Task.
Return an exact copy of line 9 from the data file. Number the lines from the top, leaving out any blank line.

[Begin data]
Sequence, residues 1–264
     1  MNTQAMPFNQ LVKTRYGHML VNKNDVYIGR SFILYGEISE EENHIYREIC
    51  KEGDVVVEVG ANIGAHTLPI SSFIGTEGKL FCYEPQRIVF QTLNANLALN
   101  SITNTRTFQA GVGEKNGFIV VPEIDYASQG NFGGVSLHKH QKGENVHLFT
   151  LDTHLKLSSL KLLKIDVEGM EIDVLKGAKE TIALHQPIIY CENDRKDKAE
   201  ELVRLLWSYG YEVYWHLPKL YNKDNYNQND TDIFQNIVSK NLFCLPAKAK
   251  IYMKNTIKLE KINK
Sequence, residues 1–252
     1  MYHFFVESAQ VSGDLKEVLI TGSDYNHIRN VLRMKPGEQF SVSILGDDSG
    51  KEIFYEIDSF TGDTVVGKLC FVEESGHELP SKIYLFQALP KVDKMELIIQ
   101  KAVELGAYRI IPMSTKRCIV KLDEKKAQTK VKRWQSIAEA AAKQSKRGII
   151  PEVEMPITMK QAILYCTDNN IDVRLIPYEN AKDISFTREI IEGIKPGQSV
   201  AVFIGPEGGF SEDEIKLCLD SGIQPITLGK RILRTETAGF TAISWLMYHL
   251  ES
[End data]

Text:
     1  MYHFFVESAQ VSGDLKEVLI TGSDYNHIRN VLRMKPGEQF SVSILGDDSG